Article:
MILWAUKEE — As the fall weather gives way to the winter season, the Extraordinary Year of Mercy, designated by Pope Francis, came to a close Sunday, Nov. 20, the Feast of Christ the King. Archbishop Jerome E. Listecki celebrated morning Mass at the Cathedral of St. John the Evangelist with approximately 300 people in attendance.
“On Friday it was 60 degrees, the next day it was 27 (degrees) and snowflakes. When you think you are basking in the springtime remember winter is just tomorrow; don’t put off until tomorrow what you can do today,” said Archbishop Listecki. “This Jubilee Year of Mercy has been about you and God’s ultimate love for you. What he (Jesus) is saying in this Gospel is ‘today you will be with me in paradise.’”
During his homily, Archbishop Listecki cited the story of Dismas, the good thief who was crucified next to Christ.
“He’s an interesting figure that causes us to pause at the end of this jubilee, because he shares a deathbed confession at the eleventh hour. He was faithful to his calling in life, as a thief, and steals redemption at end of his life,” the archbishop said. “It’s our God who is on the cross; underneath that act of suffering is joy.”
At the end of the liturgy, Archbishop Listecki sealed the Holy Door of the cathedral, which was unsealed on Dec. 8, 2015, during the Feast of the Immaculate Conception to begin the jubilee. In his homily, the archbishop compared the Holy Door to a walled-in garden that is uninhabited and protected by an overseer.
“It takes one who is a savior to come in and reopen the doors of the garden and invite us in,” said Archbishop Listecki. “Remember another garden? In terms of our baptism, in terms of our relationship to the faith, we realize the garden that was established by God in terms of the fulfillment of who we were created in the image and likeness of God and to celebrate in his garden.”
Traditionally, Holy Doors are located in the four major basilicas in Rome, but in 2015 Pope Francis declared additional Holy Doors to be open in other dioceses in order to celebrate the jubilee around the world. Observers who pass through the entrance receive plenary indulgences attached to the jubilee.
“I’ve crossed the Holy Door many times during the Year of Mercy,” said Saul Malandi, a parishioner at the cathedral. “I’ve been inspired to try to give more to the community and to others through various acts of mercy. I’ve seen other people act like Christ toward me. Although the door is closed, it remains open in our hearts to serve others in need.”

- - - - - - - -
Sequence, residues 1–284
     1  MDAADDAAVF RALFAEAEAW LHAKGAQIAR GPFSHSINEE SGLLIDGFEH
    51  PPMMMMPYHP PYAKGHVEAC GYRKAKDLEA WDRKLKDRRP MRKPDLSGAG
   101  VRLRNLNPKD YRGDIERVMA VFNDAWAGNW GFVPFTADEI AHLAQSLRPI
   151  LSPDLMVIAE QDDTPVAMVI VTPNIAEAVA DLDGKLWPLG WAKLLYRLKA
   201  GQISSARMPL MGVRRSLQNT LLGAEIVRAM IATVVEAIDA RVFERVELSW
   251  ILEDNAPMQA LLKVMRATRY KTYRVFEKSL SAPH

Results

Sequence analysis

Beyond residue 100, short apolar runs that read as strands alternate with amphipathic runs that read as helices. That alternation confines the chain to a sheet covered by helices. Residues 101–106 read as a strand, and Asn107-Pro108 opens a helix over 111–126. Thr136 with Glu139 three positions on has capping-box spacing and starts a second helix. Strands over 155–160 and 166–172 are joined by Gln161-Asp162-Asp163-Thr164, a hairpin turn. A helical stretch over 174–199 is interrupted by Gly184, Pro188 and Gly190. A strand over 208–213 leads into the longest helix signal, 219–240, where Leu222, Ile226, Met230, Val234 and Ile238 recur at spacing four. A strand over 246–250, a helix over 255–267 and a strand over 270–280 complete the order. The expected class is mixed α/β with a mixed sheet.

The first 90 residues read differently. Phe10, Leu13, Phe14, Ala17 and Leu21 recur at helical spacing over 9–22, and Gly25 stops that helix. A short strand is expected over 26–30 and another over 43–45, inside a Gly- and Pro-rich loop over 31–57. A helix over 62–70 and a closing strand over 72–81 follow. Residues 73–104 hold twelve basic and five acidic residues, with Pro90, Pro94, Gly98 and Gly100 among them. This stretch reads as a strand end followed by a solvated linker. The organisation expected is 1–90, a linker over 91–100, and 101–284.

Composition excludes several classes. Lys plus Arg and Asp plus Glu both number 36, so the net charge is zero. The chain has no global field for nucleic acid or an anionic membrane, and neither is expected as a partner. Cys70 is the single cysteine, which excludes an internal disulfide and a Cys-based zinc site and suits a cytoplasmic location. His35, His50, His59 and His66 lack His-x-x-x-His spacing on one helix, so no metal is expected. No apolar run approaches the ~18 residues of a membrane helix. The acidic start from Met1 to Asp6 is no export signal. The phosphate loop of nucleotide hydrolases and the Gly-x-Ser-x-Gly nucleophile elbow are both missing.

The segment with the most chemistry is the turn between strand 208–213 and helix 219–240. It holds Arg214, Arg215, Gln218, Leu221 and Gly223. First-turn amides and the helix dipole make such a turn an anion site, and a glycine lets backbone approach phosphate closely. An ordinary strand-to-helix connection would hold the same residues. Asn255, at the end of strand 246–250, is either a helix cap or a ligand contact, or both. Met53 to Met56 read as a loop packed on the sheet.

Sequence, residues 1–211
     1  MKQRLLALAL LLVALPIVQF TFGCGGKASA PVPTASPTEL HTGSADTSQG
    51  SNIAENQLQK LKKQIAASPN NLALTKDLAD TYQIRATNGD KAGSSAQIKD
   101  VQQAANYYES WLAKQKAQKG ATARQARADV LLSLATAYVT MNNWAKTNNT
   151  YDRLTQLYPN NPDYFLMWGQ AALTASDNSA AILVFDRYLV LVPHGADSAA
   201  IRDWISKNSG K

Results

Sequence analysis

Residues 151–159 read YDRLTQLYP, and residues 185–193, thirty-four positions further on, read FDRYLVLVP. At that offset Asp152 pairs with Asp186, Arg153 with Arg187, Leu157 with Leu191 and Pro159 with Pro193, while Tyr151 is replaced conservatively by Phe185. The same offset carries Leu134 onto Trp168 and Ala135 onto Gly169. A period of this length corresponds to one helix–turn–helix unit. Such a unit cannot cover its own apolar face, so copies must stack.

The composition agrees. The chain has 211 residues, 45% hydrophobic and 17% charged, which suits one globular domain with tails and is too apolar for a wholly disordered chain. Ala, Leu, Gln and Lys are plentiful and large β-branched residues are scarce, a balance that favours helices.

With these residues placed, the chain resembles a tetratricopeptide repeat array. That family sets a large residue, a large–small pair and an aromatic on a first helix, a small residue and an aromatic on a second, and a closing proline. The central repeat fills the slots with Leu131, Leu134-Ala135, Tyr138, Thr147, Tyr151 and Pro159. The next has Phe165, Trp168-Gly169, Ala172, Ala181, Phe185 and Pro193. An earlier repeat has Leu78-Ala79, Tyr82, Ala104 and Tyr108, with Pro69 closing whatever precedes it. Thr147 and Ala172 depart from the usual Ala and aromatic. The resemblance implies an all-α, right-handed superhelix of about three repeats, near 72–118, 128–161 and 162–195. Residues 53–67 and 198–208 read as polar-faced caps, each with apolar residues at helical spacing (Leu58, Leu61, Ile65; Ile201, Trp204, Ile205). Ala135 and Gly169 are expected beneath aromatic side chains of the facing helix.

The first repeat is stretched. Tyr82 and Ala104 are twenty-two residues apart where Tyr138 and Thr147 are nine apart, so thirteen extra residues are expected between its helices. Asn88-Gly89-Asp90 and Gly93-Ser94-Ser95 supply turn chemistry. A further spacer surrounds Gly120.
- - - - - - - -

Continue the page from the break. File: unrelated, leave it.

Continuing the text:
Each month throughout the jubilee, Archbishop Listecki and members of the archdiocese took part in pilgrimages to local sites where corporal works of mercy are practiced.
“We’ve had our soup kitchens, we dug wells, we’ve had our clothing drives, we’ve visited the sick, we sought out those who were imprisoned and we buried the dead,” said Archbishop Listecki. “But now Pope Francis is asking us, during this Extraordinary Year of Mercy, to understand why we did those things and we understand because mercy is extended to us. Maybe there is some aspect in our own life where we can share with others, maybe we can reach out to those in need in a very special way.”
The archbishop also noted the importance of the spiritual works of mercy that can be often overlooked and difficult to fulfill, which include: instructing the ignorant, counseling the doubtful, admonishing sinners, bearing wrongs patiently, forgiving offenses willing, comforting the afflicted and praying for the living and the dead.
“Those spiritual works of mercy are the foundation of those corporal works of mercy,” Archbishop Listecki said. “Because the motivation of the corporal works of mercy is that love of Jesus that overflows for us and as we reach out to meet the needs of others, it’s because the total love of Christ has been given to us.”
With the conclusion to the Year of Mercy, Archbishop Listecki anticipates Pope Francis’ challenge of compassion and service will continue to remain foremost in the minds Catholics even after the jubilee.
“What has transpired, in my mind, is the sense of Pope Francis to raise the consciousness about our responsibility toward our brothers and sisters in the Year of Mercy,” said Archbishop Listecki in a Nov. 21 interview with the Catholic Herald. “It’s not that we weren’t performing works of mercy before, that’s our obligation as Christians, but to understand why mercy is our responsibility. What I liked especially about those (works of mercy) is they taught you how to think outside the box and (see) divine mercy being enacted in unique and different ways.”
The archbishop expects many Catholics will continue to participate in the works of mercy highlighted during the jubilee. He also looks forward to the next undertaking Pope Francis will assign to Catholics.
“We wait to listen to the direction of the Holy Father and as a church we will participate and walk with him. What’s next for all Catholics is to live their faith, take a look at our synod and the priorities,” said Archbishop Listecki. “Hopefully, we realize through the Year of Mercy that we have been given a gift and that gift is demanded by Christ to be shared. We find ways to go out and bring people into a relationship with Christ and his church.”